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In "The Revenge of Geography, "Kaplan builds on the insights, discoveries, and theories of great geographers and geopolitical thinkers of the near and distant past to look back at critical pivots in history and then to look forward at the evolving global scene. Kaplan traces the history of the world s hot spots by examining their climates, topographies, and proximities to other embattled lands. The Russian steppe s pitiless climate and limited vegetation bred hard and cruel men bent on destruction, for example, while Nazi geopoliticians distorted geopolitics entirely, calculating that space on the globe used by the British Empire and the Soviet Union could be swallowed by a greater German homeland.
Kaplan then applies the lessons learned to the present crises in Europe, Russia, China, the Indian subcontinent, Turkey, Iran, and the Arab Middle East. The result is a holistic interpretation of the next cycle of conflict throughout Eurasia. Remarkably, the future can be understood in the context of temperature, land allotment, and other physical certainties: China, able to feed only 23 percent of its people from land that is only 7 percent arable, has sought energy, minerals, and metals from such brutal regimes as Burma, Iran, and Zimbabwe, putting it in moral conflict with the United States. Afghanistan s porous borders will keep it the principal invasion route into India, and a vital rear base for Pakistan, India s main enemy. Iran will exploit the advantage of being the only country that straddles both energy-producing areas of the Persian Gulf and the Caspian Sea. Finally, Kaplan posits that the United States might rue engaging in far-flung conflicts with Iraq and Afghanistan rather than tending to its direct neighbor Mexico, which is on the verge of becoming a semifailed state due to drug cartel carnage.
A brilliant rebuttal to thinkers who suggest that globalism will trump geography, this indispensable work shows how timeless truths and natural facts can help prevent this century s looming cataclysms.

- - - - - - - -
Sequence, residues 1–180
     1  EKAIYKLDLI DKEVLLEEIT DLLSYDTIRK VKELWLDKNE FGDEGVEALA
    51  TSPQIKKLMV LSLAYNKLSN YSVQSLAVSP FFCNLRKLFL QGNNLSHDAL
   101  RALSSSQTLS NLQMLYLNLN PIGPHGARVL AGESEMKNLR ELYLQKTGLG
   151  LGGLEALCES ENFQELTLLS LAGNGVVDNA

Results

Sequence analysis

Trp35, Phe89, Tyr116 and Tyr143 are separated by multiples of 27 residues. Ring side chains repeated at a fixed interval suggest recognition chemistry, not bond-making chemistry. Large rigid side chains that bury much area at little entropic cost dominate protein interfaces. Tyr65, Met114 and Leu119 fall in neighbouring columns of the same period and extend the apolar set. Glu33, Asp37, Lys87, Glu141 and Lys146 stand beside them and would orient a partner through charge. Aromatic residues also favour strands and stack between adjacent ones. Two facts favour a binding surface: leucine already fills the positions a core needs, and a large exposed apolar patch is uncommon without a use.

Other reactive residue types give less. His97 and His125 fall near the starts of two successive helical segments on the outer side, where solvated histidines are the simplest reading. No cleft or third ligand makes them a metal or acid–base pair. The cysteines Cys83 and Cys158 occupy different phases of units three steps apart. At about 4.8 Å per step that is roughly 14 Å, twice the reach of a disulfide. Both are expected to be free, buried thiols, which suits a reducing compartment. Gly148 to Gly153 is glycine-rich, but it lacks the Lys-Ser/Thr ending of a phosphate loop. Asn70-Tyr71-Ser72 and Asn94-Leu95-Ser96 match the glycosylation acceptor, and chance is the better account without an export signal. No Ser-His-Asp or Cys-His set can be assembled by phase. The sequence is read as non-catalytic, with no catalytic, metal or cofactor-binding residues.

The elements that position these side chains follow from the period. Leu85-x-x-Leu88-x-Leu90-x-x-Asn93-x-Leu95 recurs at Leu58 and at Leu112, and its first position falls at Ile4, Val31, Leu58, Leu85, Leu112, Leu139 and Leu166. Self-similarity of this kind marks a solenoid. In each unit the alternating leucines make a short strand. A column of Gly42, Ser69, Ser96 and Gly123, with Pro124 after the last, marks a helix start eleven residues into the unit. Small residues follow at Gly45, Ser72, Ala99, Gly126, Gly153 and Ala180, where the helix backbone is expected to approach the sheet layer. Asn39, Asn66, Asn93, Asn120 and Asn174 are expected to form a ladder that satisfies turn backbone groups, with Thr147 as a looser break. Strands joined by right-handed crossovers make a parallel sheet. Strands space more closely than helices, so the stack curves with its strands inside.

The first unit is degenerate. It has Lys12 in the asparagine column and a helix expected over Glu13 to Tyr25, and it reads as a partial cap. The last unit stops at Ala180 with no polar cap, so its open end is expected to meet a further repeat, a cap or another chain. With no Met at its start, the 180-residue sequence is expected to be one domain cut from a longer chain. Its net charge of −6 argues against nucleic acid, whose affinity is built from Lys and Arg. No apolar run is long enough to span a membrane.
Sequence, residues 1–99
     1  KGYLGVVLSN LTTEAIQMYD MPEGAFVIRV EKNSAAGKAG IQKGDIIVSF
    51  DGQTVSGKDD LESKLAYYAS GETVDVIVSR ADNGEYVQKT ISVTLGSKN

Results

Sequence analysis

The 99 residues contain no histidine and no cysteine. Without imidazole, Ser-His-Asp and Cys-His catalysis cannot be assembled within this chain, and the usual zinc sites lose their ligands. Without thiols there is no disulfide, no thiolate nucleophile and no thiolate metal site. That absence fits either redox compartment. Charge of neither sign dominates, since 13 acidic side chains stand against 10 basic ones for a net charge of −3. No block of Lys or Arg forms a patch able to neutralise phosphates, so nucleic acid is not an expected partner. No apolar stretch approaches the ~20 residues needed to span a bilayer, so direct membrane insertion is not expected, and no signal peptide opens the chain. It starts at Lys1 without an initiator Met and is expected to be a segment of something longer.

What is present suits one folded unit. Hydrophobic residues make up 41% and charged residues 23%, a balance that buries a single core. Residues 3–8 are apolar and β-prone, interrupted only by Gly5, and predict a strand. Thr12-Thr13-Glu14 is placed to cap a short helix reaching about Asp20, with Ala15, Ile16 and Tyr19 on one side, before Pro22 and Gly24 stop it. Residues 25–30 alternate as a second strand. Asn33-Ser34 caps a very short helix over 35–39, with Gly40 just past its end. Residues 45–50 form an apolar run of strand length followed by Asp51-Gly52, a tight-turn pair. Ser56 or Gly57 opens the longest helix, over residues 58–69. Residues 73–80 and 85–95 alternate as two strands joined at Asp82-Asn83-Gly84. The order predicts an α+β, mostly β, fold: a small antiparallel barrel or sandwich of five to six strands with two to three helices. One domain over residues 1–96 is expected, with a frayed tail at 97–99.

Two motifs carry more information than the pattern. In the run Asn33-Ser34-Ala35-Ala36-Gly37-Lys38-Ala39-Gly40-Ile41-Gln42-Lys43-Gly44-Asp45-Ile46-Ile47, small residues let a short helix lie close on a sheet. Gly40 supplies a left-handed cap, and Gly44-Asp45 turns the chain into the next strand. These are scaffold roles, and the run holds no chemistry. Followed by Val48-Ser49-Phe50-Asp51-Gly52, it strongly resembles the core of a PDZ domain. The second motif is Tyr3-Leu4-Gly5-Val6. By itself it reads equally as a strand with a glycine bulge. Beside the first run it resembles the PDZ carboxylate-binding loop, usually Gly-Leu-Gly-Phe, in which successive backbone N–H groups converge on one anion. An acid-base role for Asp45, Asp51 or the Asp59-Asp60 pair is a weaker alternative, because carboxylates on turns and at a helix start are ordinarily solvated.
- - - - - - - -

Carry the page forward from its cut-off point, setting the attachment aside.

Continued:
Praise for "The Revenge of Geography"
An] ambitious and challenging new book . . . "The Revenge of Geography"]" "displays a formidable grasp of contemporary world politics and serves as a powerful reminder that it has been the planet s geophysical configurations, as much as the flow of competing religions and ideologies, that have shaped human conflicts, past and present. Malise Ruthven, "The New York Review of Books"
Robert D. Kaplan, the world-traveling reporter and intellectual whose fourteen books constitute a bedrock of penetrating exposition and analysis on the post-Cold War world . . . strips away much of the cant that suffuses public discourse these days on global developments and gets to a fundamental reality: that geography remains today, as it has been throughout history, one of the most powerful drivers of world events. "The National Interest"
Kaplan plunges into a planetary review that is often thrilling in its sheer scale . . . encyclopedic. "The New Yorker"
"The Revenge of Geography"] serves the facts straight up. . . . Kaplan s realism and willingness to face hard facts make "The Revenge of Geography" a valuable antidote to the feel-good manifestoes that often masquerade as strategic thought. The Daily Beast"
Publishers Weekly® Reviews
- Reviewed in: Publishers Weekly, page .
- Review Date: 2012-05-28
- Reviewer: Staff
Geography is destiny, sort of, according to this overwrought map exercise. Journalist Kaplan (Balkan Ghosts) unearths and updates musty Edwardian treatises on the strategic importance of the Eurasian “Heartland” (roughly, the Soviet empire) and the surrounding “Rimland” of Europe, the Middle East, India, and China. His survey of these regions, strewn with diverting but feckless snippets of history, cultural lore, and economics, yields a “geographical” analysis that’s mainly a jumble of empty rotational metaphors; we learn that North Korea is “the true pivot of East Asia,” that “India is the global pivot state of the 21st century,” that Afghanistan could become “the hub... of Eurasia in general,” and that “the Iranian pivot” is “the Middle East’s very own universal joint.” Disputing blithe world-is-flat neoliberalism, Kaplan’s pitiless “realism” asserts that, as in ages past, geography will spawn territorial conflict, but he has no insights into who will fight where or why, just Malthusian pessimism, banal prognostications—China’s growing navy will rub against America’s and India’s—and vague geostrategic musings. (“Turkey,” he pronounces, “...along with Iran, has the capacity to neutralize the Arab Fertile Crescent.”) The result is an unconvincing reprise of an obsolete worldview. Agent: Carl Brandt, Brandt & Hochman Literary Agency. (Sept.)